Institute for Conflict Analysis and Resolution Becomes a School
By James Greif
Mason will be the first university or college in the world to have a school of conflict analysis and resolution when its Institute for Conflict Analysis and Resolution (ICAR) becomes the School for Conflict Analysis and Resolution (S-CAR) on July 1.
S-CAR will also be the largest program in the field.
“Mason’s programs in conflict analysis and resolution have long provided national and international leadership,” says Mason Provost Peter Stearns.
“The transition to school status properly indicates these achievements, as well as the importance of this field and this unit to the broader goals of the university.”
The change was requested for several reasons. ICAR resembled other Mason schools without departments — such as the Schools of Management and Public Policy — that offer undergraduate, graduate, doctoral and certificate programs.
Also, the Washington, D.C., area contains many institutes that are often associated with research “think tanks.” The new name more accurately reflects ICAR’s full scope as a unit that has a teaching component along with research, practice and theory building.
“Becoming the School for Conflict Analysis and Resolution is the result of more than 30 years of work by many scholars and practitioners who toiled to ‘invent’ a new field,” says Andrea Bartoli, the ICAR director who will become dean of the new school.
“Mason has been at the forefront of the conflict-resolution movement, and I am convinced that becoming a school will strengthen this important academic investment for the university and the field at large.”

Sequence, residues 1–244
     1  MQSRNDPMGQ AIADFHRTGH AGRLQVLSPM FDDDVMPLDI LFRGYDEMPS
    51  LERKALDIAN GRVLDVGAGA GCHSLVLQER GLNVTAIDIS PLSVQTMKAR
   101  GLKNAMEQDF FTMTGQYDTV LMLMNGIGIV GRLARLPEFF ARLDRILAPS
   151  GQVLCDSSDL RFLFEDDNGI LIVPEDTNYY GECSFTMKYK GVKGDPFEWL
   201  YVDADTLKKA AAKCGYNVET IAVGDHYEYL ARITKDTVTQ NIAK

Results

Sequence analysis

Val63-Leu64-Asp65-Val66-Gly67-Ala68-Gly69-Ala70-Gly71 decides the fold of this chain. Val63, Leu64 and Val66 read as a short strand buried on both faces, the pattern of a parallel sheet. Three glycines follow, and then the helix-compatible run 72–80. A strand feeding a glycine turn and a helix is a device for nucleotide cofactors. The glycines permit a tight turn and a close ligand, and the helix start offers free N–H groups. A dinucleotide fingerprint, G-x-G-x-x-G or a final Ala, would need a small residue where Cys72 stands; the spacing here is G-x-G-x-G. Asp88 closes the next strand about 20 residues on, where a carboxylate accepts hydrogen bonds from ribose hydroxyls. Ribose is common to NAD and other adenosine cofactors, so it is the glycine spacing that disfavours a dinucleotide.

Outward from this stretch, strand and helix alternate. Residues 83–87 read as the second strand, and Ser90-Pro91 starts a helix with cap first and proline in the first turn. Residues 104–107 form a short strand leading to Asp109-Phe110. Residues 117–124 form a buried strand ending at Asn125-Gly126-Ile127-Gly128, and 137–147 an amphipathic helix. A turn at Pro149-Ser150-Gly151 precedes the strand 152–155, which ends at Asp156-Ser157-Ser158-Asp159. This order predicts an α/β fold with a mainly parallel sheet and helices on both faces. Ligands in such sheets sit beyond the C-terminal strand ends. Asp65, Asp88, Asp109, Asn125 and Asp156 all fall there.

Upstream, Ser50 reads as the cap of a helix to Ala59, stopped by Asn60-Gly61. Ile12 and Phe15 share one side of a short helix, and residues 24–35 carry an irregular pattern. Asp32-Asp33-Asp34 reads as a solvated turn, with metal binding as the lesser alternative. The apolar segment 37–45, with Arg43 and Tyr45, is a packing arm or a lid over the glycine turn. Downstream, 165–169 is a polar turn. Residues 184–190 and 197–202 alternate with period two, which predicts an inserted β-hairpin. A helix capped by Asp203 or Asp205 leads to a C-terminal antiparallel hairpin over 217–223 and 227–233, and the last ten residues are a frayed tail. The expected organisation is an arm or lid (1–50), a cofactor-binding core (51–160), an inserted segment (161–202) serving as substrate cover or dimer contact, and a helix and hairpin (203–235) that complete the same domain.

The institute becoming a school is a considerable landmark for the academic field of conflict resolution, administrators point out.
“Becoming a school acknowledges the growth, development and viability of our programs and leverages increased opportunities for research and practice,” says Sandra Cheldelin, former ICAR director and current professor and PhD program director . “Transitioning from an institute to a school reflects Mason’s confidence in the quality of our work and provides a new level of legitimacy for the field in its expanding global context.”
ICAR became the first degree-granting program in conflict analysis and resolution in 1981, and it has been instrumental in the development of conflict analysis and resolution as an area of study.
The unit prepares graduates for rewarding careers in a number of fields in the private and public sectors, and alumni hold leadership positions at organizations such as the U.S. State Department, United Nations, National Transportation Safety Board, World Health Organization and Free Burma Coalition. More than 70 alumni are currently teaching, creating and leading programs at universities and institutions around the world.
The soon-to-be-school also has many academic partnerships, including a dual-degree program with the University of Malta, a partnership with the Peace Corps Master’s International and a dual master’s degree with Mason’s Department of Social Work.
“As a student, [I think] the transition from institute to school is highly appropriate in terms of the way ICAR functions as an academic institution,” says graduate student Jacquie Antonson.
“The quality and variety of options within the degree programs and research opportunities reflect a dynamic and an approach that is not found anywhere else, and worthy of the designation of school.”